Classroom activity: What's the best medicine?

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This activity explores the difficult decisions facing health authorities when it comes to deciding which drugs should be made available to patients. Mathematically, the activity involves basic arithmetic and manipulation of averages.

Pill bottles

What's the best drug?

A medical breakthrough has enabled scientists to start working on treatments for a rare and dangerous cancer, which when untreated kills patients within just a few months. After extensive research and clinical trials, three drug companies have come up with their version of a drug to treat the cancer. The table below shows the average number of years patients survive after diagnosis for each of the three drugs. It also shows how much each drug costs per patient per year.

It's your job to decide which of the three drugs patients should be given this year. Your budget for this year is £1,000,000, which you must not exceed, and there are currently 2150 patients that need to be treated. Which drug would you choose to maximise the average survival time while still remaining within budget?

Drug A Drug B Drug C
Average survival time in years 2.8 3.5 4.2
Cost per patient per year £350 £400 £470

Just as you are going to communicate your decision to doctors, some new research results are published. It turns out that the three drugs affect men and women differently. The differences are shown in the table below. Out of the 2150 patients 800 are men and 1350 are women. Work out which combination of drugs (drug X for men and drug Y for women) gives the greatest average survival time calculated over all patients. Can you use this to come up with a final choice of drug for both groups? What other considerations might you make when allocating the drugs?

Men (800)
Women (1350)
Drug A Drug B Drug C
Average survival time in years 3.9 3.5 4.0
Cost per patient per year £350 £400 £470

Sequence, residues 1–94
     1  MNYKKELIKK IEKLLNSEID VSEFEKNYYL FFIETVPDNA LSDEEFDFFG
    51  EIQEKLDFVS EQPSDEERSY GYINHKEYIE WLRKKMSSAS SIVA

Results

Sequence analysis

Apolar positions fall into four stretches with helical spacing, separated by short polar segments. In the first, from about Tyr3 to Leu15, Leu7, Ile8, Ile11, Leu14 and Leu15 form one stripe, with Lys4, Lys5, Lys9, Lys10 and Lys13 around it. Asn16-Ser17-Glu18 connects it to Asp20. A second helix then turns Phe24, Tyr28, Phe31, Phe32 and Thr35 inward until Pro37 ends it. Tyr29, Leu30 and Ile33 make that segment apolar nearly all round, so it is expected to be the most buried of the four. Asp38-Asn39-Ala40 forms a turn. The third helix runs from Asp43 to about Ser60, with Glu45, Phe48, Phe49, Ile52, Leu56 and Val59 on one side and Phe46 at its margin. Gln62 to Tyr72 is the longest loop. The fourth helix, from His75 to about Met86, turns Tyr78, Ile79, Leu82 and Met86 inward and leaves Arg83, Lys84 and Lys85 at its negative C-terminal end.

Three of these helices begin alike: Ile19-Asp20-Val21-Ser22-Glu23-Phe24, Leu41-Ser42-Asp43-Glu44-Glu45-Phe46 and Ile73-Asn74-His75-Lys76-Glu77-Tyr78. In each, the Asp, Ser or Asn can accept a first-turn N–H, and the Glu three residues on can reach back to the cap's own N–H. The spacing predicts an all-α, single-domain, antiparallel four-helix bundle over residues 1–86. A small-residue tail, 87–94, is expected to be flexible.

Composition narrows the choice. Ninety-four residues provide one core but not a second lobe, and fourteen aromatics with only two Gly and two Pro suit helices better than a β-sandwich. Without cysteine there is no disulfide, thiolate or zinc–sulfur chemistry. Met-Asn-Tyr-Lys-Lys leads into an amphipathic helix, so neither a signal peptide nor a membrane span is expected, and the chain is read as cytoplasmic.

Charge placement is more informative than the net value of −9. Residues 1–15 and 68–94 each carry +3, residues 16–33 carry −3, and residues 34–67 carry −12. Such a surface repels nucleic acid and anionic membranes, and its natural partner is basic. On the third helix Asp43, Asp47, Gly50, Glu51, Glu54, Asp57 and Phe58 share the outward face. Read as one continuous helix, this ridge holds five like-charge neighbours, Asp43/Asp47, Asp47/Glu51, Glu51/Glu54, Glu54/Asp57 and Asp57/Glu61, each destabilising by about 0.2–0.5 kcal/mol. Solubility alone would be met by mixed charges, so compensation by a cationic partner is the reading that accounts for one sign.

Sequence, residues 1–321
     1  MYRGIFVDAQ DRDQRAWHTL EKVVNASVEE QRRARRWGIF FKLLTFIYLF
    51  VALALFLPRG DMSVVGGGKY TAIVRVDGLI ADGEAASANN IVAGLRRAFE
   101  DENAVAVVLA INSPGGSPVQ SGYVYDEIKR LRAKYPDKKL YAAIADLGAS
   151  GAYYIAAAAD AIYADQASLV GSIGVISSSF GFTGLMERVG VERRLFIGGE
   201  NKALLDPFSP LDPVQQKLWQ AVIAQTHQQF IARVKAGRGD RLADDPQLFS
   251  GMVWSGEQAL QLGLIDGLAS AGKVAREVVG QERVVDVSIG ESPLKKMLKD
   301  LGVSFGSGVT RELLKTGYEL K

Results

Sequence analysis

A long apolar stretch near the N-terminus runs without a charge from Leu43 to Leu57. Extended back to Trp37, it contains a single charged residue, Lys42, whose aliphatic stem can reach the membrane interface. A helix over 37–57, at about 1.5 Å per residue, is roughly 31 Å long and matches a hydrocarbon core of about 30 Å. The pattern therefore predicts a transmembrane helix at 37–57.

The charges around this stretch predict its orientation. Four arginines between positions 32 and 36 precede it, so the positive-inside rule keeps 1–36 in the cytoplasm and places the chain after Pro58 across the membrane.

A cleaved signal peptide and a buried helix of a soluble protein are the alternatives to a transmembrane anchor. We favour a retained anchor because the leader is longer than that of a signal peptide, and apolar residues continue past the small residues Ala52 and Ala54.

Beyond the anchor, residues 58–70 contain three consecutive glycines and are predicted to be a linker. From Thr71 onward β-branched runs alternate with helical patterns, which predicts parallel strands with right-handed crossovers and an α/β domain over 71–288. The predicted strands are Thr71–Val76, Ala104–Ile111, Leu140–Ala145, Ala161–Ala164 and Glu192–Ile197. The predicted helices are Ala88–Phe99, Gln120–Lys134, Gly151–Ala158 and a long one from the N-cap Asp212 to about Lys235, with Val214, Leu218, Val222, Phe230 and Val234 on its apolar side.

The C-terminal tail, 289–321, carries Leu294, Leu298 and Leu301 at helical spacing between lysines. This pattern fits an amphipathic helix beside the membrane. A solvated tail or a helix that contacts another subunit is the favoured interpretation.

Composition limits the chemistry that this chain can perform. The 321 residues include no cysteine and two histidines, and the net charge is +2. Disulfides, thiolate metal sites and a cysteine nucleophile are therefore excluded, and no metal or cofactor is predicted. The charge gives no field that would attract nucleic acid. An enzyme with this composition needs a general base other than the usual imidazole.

Drug A Drug B Drug C
Average survival time in years 2.1 3.5 4.3
Cost per patient per year £350 £400 £470

A year has passed when you receive the news that the drug companies that produce drugs B and C have lowered their prices to match that of drug A. The average cost per patient per year is now the same for all three drugs. This would suggest that everyone should be treated with drug C, since this maximises the overall survival time.

However, the drug companies have also been forced to publish the results of a study into the side effects of their drugs. These can be severe, causing patients pain and even confining them to bed. The results of the study show how patients have rated their quality of life on the drugs on a scale from 0 to 1, where 1 means best possible quality of life and 0 means worst possible quality of life. The average rating for each drug is given in the table below. How would you use this information to compare the benefits and disadvantages of each drug? What is your final choice?

Drug A Drug B Drug C
Average survival time in years 2.8 3.5 4.2
Average quality of life rating 0.5 0.8 0.1
Cost per patient per year £350 £350 £350

To help you with these difficult decisions, read The economics of health.

Here are some possible answers to these questions.

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